Who gets my super when I’m gone? 20



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You may think that your last will and testament is the only document you need to ensure your affairs are managed correctly when you shuffle off this mortal coil, but that’s not the case when it comes to your super.

Should you pass away with money still in your fund, it’s not your will that determines where the money goes, but a document called a Binding Death Benefit Nomination, which means your super fund is required to pay the people you have nominated.

The reason for this is that a superannuation fund is a specific type of trust, which has certain laws and regulations that allow it to have concessional taxation treatment, explains Professional Planner.

In many cases, your superannuation instructions will override your will, so it’s essential to have your benefit nomination up to date. According to this fact sheet by Australian Super, you will need to update this every three years, or whenever your circumstances change (divorce, remarrying and so on).

You can nominate any one or more of the following beneficiaries: your spouse or partner, your children, any person financially dependent on you, your legal representative or the executor of your estate.

If the binding nomination runs out, it becomes non-binding and is used by your super fund as a guide rather than as instruction.

To check or update this important estate management tool, log in to your super fund’s online services and look for “update beneficiaries” or phone for help.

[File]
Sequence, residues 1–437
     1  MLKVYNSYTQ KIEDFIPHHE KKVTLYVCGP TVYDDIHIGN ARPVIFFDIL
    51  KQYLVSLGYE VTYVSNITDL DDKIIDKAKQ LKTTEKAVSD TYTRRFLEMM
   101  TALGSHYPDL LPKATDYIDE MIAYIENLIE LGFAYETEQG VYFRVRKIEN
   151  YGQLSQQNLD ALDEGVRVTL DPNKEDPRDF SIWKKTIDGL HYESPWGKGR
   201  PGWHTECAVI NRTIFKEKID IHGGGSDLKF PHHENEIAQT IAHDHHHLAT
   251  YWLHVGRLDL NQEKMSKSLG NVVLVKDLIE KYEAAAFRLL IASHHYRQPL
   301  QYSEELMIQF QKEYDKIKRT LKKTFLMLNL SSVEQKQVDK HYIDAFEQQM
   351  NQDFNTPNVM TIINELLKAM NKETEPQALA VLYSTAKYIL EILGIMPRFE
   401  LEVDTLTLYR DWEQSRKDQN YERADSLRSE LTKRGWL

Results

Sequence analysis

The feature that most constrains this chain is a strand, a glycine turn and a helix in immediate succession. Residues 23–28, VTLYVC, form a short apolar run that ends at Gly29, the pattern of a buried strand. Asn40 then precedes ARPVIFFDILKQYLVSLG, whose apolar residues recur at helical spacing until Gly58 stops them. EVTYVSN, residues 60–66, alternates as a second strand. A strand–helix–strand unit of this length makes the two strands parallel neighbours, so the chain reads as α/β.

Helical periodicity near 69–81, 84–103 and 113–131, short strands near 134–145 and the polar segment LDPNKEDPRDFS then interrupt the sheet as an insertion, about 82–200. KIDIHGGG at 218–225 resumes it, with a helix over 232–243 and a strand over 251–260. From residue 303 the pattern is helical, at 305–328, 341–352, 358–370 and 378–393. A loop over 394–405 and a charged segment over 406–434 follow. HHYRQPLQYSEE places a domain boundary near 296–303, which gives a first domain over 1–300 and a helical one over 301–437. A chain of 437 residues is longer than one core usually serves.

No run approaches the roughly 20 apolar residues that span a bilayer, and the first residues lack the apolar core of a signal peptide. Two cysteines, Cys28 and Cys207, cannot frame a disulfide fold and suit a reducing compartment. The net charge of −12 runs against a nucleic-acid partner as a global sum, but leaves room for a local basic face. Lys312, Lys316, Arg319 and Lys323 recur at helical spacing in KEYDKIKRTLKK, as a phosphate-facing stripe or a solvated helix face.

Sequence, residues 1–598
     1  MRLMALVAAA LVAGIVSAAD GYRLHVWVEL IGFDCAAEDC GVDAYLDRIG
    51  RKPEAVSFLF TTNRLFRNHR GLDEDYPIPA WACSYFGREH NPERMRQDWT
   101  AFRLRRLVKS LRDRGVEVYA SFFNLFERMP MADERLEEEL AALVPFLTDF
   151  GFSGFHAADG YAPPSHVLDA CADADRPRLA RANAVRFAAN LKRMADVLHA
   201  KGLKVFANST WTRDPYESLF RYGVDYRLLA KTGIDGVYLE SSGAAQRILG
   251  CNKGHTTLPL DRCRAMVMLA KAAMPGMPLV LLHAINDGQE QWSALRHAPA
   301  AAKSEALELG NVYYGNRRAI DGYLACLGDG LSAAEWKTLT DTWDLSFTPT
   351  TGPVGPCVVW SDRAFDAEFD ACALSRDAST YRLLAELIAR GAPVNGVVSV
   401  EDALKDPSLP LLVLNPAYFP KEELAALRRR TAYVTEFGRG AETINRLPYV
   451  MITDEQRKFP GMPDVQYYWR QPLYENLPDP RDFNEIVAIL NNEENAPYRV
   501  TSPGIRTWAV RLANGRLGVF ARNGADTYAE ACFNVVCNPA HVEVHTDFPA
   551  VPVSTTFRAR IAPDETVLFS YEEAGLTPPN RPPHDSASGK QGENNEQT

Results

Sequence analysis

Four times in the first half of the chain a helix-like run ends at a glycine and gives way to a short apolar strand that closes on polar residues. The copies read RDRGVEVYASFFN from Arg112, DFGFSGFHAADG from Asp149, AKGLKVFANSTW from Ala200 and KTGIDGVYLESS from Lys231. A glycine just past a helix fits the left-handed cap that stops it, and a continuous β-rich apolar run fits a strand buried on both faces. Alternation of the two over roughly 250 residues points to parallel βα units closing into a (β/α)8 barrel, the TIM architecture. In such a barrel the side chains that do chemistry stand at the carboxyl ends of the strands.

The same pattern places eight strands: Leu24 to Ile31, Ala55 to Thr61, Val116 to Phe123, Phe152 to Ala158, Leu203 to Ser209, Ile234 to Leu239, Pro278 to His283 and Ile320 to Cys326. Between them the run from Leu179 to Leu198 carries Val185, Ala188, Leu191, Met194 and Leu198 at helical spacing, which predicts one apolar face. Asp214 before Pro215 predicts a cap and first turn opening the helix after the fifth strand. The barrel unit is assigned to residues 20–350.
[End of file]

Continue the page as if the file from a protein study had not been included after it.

Note that the nomination must be “binding” if your wishes are to be granted exactly as you have stated them.

Professional Planner says, “The Binding Death Benefit Nomination is the most important estate planning tool dealing with the payment of your interest in a superannuation fund.”

Did you know about this extra estate planning tool? Is yours up to date? 


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  1. Yes I have had a binding nomination with my Super fund for years, they send notification when it needs to be renewed.

  2. My daughter gets mine x

    4 REPLY
    • Yes her name is permanently on every statement. I’m with Hostplus. It will only change if I change it

    • Sheree Piesse
      The legislation over rules what you have on it. You are required to update it every three years. It is not automatic that your daughters will remain as beneficiary. If something happens to you and you have not regularly updated it, then anyone can make a claim on it.
      I have seen it happen in a lot of cases and the original named beneficiary quite often loses.

  3. Read the fine print on your super, it will tell you its at the super discretion where your money goes.That exactly what happened when a family member died, leaving his money to his 2 children .However his girlfriend of 18mth contested it, super awarded HER, 60 %.we had to fight to get his children a fair share of their Dads money.So beware, not always as you think

    1 REPLY
    • Check with your Solicitor, binding nomination is the only way it has to be paid to the nominated people of your choice, that is also why you pay an ongoing fee for it.

  4. I tell people about this all the time but they never listen. They think that once they put a name on it that is it.
    It’s the same with a Will. Just because you leave things to people doesn’t mean that is where it will go. Anyone can contest your will regardless of your wushes and a judge will decide where things go.

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